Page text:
Zero Waste Guide for Day Hikers
We practice “leave no trace” on the trails, and we know how to “pack-it-out,” but what about reducing, recycling, and reusing what we pack-in? After all, what better way to show our love for Colorado’s great outdoors?
Over the summer, I’ve been refining my Zero Waste hiking techniques with help from friends. Here are some tricks I’ve learned about carrying food and water on the trail that have worked well for me. I hope they’ll work for you, too.
Swap out the single-use plastic water bottle and get a reusable one—stainless steel bottles, hydro-packs, there are oodles of options. If you’re going for reusable plastic, make sure it’s BPA-free. If you’re interested in a light-weight aluminum bottle, be aware that they are lined to prevent leaching and look for those that are lined with bpa-free plastic.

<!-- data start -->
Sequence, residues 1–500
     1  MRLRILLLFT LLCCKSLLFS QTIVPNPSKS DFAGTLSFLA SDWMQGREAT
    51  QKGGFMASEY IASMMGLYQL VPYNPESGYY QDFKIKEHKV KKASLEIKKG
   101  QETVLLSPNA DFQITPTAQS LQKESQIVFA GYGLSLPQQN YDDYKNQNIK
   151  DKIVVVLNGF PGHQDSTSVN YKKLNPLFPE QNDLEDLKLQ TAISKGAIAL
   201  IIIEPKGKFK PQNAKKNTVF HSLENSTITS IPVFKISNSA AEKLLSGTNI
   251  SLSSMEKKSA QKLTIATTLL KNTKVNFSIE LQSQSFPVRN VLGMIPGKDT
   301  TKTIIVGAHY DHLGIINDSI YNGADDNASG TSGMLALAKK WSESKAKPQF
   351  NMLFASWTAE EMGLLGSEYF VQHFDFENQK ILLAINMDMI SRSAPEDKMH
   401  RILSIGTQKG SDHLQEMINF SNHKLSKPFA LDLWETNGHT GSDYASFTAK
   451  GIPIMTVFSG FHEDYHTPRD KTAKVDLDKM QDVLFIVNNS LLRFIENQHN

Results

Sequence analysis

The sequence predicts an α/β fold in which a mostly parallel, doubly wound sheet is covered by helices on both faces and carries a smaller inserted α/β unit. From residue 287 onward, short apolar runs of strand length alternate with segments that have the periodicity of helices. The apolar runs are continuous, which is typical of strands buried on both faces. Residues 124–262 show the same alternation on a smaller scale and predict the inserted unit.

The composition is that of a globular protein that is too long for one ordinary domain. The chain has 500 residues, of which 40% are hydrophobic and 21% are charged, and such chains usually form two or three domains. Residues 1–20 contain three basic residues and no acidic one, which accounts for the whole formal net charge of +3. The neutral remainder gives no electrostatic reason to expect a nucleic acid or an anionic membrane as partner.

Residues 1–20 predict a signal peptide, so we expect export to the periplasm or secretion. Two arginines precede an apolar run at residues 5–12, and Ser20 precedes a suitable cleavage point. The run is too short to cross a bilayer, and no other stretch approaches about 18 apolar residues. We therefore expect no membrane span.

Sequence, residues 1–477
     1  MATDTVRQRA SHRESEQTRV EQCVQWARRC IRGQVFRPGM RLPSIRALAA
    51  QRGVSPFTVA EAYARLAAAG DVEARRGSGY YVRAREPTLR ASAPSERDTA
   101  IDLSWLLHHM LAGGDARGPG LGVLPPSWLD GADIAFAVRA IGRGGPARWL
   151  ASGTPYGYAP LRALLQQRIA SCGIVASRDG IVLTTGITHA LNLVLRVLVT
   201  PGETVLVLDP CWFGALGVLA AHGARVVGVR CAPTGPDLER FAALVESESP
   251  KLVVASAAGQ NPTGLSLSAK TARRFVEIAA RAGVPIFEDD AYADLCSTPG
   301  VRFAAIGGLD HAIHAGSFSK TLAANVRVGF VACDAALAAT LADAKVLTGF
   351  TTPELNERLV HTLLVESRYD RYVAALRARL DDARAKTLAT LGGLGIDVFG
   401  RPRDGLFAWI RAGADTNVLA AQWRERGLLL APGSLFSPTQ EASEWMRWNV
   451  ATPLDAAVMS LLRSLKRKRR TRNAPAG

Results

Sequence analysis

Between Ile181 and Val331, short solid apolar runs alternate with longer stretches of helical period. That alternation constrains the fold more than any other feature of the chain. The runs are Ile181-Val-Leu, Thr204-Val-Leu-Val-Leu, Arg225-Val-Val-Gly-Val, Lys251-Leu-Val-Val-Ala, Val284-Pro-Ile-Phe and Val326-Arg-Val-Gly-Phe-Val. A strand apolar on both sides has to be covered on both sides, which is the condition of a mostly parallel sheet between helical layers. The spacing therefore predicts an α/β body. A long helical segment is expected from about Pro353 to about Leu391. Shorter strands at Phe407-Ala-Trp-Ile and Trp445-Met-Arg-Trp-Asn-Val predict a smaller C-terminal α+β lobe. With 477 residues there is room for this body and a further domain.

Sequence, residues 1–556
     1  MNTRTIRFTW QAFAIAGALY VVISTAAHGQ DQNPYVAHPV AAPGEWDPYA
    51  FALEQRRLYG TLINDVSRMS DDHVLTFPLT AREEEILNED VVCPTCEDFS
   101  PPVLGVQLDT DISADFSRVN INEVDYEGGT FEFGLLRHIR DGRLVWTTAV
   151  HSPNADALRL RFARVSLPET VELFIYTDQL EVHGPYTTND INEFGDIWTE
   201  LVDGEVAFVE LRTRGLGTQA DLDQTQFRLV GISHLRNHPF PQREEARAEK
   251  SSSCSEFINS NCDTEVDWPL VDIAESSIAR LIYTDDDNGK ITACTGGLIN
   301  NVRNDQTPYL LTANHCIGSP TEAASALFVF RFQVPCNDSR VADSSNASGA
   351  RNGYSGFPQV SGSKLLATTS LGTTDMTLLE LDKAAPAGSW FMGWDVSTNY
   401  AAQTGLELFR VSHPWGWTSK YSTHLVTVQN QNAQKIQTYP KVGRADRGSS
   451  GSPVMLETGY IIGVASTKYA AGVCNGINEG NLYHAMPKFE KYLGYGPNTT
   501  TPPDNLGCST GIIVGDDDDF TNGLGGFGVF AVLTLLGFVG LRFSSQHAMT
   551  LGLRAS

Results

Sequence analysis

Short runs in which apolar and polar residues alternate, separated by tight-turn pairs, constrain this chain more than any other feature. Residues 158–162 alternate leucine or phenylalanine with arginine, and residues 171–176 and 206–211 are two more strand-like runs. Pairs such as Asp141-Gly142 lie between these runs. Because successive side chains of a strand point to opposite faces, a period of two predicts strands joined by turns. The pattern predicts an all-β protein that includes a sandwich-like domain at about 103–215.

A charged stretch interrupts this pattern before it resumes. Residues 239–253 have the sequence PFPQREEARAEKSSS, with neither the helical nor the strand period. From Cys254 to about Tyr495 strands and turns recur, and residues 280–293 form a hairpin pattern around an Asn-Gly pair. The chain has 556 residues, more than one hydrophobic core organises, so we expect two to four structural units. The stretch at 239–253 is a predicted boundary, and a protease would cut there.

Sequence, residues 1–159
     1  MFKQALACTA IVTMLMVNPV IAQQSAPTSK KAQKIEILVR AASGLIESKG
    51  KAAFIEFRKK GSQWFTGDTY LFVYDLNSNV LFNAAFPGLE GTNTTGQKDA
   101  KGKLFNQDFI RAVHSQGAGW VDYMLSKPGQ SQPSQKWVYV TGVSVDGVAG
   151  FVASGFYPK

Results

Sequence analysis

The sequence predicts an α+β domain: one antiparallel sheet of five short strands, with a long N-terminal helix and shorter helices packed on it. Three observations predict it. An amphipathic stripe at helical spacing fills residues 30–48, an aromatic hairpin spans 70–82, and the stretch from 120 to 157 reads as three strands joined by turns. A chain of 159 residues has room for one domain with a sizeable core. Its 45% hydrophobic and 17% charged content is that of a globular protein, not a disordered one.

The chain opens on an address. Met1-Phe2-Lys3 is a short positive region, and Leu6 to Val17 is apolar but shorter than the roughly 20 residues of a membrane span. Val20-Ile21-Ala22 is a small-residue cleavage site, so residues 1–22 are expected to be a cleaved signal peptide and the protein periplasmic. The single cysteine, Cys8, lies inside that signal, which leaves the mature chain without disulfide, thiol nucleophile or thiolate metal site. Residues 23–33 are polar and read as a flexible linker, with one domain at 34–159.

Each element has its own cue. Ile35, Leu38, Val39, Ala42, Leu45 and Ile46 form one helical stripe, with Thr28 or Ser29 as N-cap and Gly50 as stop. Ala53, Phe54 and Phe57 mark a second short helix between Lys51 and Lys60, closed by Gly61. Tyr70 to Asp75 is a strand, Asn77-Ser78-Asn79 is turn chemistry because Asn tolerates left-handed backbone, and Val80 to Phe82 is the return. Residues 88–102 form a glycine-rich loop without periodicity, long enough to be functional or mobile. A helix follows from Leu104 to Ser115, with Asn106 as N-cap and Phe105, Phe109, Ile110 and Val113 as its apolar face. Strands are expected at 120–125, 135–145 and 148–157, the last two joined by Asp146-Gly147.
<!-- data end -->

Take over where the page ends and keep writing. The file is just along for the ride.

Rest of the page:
For trail snacks, fill up a reusable container with your favorite trail mix from the grocery store’s bulk aisle instead of buying individual servings in non-recyclable packaging.
Along those same lines, you could pack your sandwich in a reusable container to eliminate the plastic bag waste. OR you could invest in a cloth snack bag, such as eco•ditty or Wrap-N-Mat, which are as lightweight as a Ziploc bag and can be washed and reused easily.
If you absolutely can’t get around the Ziploc bags, if they're CLEAN and DRY, recycle them later at Eco-Cycle’s CHaRM, the Center for Hard-to-Recycle Materials.
Granola and energy bars are great but to avoid the plastic packaging, you could make your own bars, which isn’t as intimidating as it sounds. You can actually make them from four simple ingredients—oatmeal/honey/bananas/peanuts—and put them in a reusable container. OR if you don’t want to make your own, you could sign up for a TerraCycle recycling brigade program. After you collect 500 or so energy bar wrappers, you can mail them in for recycling. (Check out their website for the specific energy bar wrappers they accept.)
A few simple habit changes can make a real difference!